Castel Sant'Angelo. ROME. IV. Right Bank. 357
middle are antique, two new ones having been added at each end. —
The temporary iron Suspension Bridge, erected a little lower down
the river during the alterations, has been allowed to remain, and
is at present used by the tramway-cars. The construction of a new
bridge, the Ponte Vittorio Emanuele, designed to continue the
direct line of the Corso of that name, was begun in 1908 and is
expected to be finished in 1911.
The *Castel Sant* Angelo (PI. I, 12), which was originally
the tomb erected in A.D. 136 by Hadrian for himself and his suc¬
cessors (Moles Hadriani), was completed in 139 by Antoninus Pius.
On a substructure, 114 yds. square, rises a cylinder of peperino
and travertine, 80 yds. in diameter, once encrusted with marble.
This cylinder was probably once surmounted by another of smaller
dimensions, on which a colossal statue of Hadrian, conjecturally
standing on a quadriga, was placed. The total height was about
165 ft. From Hadrian to Caracalla (d. 217) ali the emperors and
their families were interred here. The tomb was afterwards con-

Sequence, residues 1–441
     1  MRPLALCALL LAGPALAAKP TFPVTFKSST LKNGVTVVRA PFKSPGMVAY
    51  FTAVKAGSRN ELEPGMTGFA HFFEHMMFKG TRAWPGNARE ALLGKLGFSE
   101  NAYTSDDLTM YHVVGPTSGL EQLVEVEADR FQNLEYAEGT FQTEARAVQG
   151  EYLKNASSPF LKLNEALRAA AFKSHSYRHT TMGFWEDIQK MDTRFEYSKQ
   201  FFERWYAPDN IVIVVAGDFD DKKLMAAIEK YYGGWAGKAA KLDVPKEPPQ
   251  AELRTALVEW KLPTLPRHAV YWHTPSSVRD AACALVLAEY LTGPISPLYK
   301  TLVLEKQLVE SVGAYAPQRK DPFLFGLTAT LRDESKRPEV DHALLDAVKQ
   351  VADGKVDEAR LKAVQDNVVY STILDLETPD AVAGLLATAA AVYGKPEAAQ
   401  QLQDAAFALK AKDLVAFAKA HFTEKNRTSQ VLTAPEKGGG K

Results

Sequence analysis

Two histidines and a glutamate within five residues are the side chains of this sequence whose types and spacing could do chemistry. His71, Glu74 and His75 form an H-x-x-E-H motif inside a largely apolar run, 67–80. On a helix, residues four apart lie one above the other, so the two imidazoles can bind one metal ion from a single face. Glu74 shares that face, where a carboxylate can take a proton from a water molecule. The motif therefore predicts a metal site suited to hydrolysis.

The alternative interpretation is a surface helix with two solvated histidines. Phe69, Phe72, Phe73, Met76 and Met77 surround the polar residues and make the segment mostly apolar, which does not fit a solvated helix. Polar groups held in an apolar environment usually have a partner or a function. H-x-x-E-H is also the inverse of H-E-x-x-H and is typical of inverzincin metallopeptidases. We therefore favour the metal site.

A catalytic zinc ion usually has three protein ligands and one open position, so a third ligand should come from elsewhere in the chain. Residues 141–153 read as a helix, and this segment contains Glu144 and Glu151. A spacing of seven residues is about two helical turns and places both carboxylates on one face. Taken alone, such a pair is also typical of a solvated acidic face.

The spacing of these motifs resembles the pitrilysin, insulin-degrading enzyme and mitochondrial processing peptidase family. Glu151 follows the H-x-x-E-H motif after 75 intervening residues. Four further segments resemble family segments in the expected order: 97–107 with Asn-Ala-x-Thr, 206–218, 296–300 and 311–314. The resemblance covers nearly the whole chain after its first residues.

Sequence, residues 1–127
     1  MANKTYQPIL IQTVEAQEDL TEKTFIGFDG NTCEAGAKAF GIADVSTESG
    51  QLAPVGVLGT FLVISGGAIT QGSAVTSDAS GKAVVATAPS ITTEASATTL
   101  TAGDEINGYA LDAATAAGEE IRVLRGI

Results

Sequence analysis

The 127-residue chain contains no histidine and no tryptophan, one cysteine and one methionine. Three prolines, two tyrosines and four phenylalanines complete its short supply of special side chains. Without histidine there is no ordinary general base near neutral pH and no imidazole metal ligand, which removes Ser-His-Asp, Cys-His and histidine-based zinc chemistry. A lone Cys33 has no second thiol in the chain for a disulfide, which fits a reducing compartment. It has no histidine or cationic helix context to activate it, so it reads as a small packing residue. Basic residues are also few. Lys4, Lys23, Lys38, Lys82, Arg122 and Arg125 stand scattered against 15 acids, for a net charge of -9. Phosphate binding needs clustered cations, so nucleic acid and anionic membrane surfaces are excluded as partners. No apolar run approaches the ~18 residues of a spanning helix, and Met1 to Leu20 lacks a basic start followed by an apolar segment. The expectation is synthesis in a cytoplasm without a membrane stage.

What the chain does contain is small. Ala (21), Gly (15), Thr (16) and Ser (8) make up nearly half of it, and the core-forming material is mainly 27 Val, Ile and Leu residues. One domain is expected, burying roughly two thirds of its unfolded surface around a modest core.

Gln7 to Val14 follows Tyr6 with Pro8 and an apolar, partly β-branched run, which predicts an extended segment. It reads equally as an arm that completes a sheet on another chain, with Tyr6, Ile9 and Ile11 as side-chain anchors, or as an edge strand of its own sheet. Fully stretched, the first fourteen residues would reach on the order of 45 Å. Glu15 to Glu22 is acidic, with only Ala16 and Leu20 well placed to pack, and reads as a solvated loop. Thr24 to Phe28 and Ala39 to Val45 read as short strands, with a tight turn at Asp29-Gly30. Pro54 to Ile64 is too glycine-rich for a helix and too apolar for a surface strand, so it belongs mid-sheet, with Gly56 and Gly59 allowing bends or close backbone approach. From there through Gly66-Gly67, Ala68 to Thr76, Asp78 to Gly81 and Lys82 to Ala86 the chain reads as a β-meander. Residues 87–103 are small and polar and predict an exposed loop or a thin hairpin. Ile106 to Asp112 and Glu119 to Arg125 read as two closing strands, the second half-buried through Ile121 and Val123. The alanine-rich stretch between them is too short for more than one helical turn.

verted into a fortress (comp. p. 355), and when the Goths underVitiges
besieged Rome in 537, after its capture by Belisarius, it repelled
their attacks. The city was at last retaken by Totila, successor of
Vitiges, after another terrible siege in 548. On the fall of Totila
in 552 the citadel passed into the power of Narses, the successor of
Belisarius. In 590 Gregory the Great, while conducting a procession
to pray for the cessation of a plague then raging, beheld the Archan-
gel Michael sheathing his sword above the Castel Sant' Angelo, in
commemoration of which Boniface IV. erected the chapel of Sanctus
Angelus inter Nubes on the summit. This was afterwards replaced
by the marble statue of an angel by Montelupo (p. 359), and in
1752 by the present bronze statue of the Archangel by Verschaffelt.
From 923 onwards the edifice was always used by the party in
power as a stronghold for the purpose of overawing the citizens.
In 1379 it was almost entirely destroyed by the Romans. From
the time of Boniface IX. (for whom it was restored by Niccolò
d'Arezzo) downwards the castle was held by the popes, who seem
to have caused the construction of a covered passage (passetto)
leading from the Vatican even before the dose of the 13th century.
This was restored by Alexander VI. The castle was further ex¬
tended by Julius IL In 1527 Clement VII. sustained a terrible
siege here, by the troops of Charles V., on which occasion Ben¬
venuto Celimi asserted he had thence shot the Connétable de
Bourbon. The outworks were constructed by Urban VHI. A thor-
ough restoration of the structure, begun in 1901 under the super-
intendence of Colonel Mariano Borgatti, is in progress.
The Entrance is opposite the Ponte Sant' Angelo (adm., see p. 172).
An attendant conducts parties every i/2 hr. On Sun. the dungeons and
store-rooms are not shown- Illustrated guide by Borgatti (see above ; 1902)